By Samuel Chamboko – Greetings and belated compliments of the new year. Here’s hoping we will all have a thoroughly enjoyable 2011. Like many exiles from the Northern side of the Limpopo, as customary every December, I made the trek North to enjoy the festive season with family and friends. Personally it was special in many ways, the most important being I was getting married (legally that is). So through the kaleidoscope of emotion and spiritual connectivity that I feel whenever I visit the country of origin, my arrival this time was pregnant with anxiety on one side and excitement on the other. Suffice to say that the event went smoothly and was thoroughly enjoyable.
The visit also give me an opportunity to observe people, my own people, places and other events that were unfolding while I was there. There was also the opportunity to indulge in one of my favourite pastimes, eating. There is something about eating the food you grew up eating. The nostalgia it brings when the favours hit your taste buds is just indescribable. I am a great fan of African cuisine and strongly believe that its one of those things that has not been marketed properly. When most tourists come to Africa, they come to see or hunt animals, to see the continent’s natural wonders and beautiful people, but they miss out on the wonderfully tasty food that the motherland has to offer. We do not punt our food enough to make it acceptable to non-Africans, like the Indians do. Look at the way Indian curries have taken over fish and chips, as the UK’s favourite food. It’s not by accident, Indian people are very possessive about Indian food and preparing it the correct way. They went to Europe and opened eateries that serve authentic Indian food, just the way their grannies cooked it. What have Africans in the Diaspora done about promoting African cuisine so that it becomes acceptable by non-Africans?
I get this feeling that a lot of people think that white farmers were persecuted in Zimbabwe and they are ran away. Far from it. Anyone who was in Zimbabwe last December will confirm that there seem to be a lot of white Zimbabweans making the trek home. We waited together for delayed flights and in the long queues and sweltering heat at Beitbridge, all eager ‘to be home for Christmas’. A lot of them still call the place home and every December just like the ‘border jumpers’ and other economic exiles, all make the trip back home. There is an observation that I made though about Zim whities, unlike other places in Africa, where white people still think they are superior, Zim white folk have seemingly accepted that we are all equal. They do think they are being robbed when a black guy greets them. You gotta love them. The majority are very fluent in ChiShona and siNdebele.
A lot of Zimbos in the Diaspora of course would like to know what home was like. From my own observations, things have improved greatly from the last time I was there. The one thing that seems to be on a gradual decline is the state of infrastructure. The roads, especially in urban areas are terrible. The buildings, even in the capital’s CBD look old and in a general state of disrepair, but nothing that a lick of paint or a scrub can’t fix. People looked happier and healthy (in Zim fat=healthy). Many families managed to fill trolleys with food and goodies for their Christmas festivities, which is quite refreshing considering that two years ago shelves of most supermarkets had nothing. There is one contrasting view in outlook between ‘Diasporans’ and ‘local based’. While Zimbos in the Diaspora are obsessed with the political situation back home and constantly have debates on online chat forums and pubs about what will happen etcetera, the folks back home are not worried about politics. In the 3 weeks I was in the country, I did not hear a single political conversation. People are worried about getting the elusive US$, and having a good time.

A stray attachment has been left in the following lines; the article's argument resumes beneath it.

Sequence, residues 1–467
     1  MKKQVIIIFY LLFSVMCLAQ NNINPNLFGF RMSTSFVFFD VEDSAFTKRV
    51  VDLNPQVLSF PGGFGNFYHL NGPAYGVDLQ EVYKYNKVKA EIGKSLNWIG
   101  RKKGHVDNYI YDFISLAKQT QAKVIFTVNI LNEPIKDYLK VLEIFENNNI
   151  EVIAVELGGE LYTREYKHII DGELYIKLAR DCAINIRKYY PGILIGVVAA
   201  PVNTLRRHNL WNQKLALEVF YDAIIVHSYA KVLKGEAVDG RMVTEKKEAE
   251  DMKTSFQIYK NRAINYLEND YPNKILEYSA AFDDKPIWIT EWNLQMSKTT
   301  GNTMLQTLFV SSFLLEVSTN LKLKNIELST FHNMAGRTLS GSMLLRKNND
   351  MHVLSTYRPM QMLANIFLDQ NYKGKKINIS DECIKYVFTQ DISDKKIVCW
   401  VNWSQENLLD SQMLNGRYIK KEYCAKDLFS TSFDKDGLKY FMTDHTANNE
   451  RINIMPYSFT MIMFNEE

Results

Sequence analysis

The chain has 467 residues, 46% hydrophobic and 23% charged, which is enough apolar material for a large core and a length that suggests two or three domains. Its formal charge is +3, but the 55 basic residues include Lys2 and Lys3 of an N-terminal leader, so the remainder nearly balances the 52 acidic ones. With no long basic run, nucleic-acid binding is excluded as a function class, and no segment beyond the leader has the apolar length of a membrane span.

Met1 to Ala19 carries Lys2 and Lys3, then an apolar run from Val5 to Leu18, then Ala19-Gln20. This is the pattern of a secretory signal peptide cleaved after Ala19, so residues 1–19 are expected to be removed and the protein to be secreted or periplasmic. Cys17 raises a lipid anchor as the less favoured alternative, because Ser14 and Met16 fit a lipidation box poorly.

The other thing that I realized people back home are battling with is this thing called global warming, especially those in agriculture. It’s really become quite confusing when the rainy season begins and ends. Traditionally, our rainy season begins in October , however in the last few years the season was starting as late as Christmas. This year was different. Late November there were rains aplenty, so spare a thought for the farmer who was planning on the basis that the rains will be late again. Talking about farming, I’ll take this opportunity to dispel a misconception that people are starving in Zimbabwe because there is no food, because all the white farmers were chased out. Don’t believe it. Go and see what children of the soil are doing on the land of their forefathers. It is still at a small scale but shows signs of a lot of growth potential.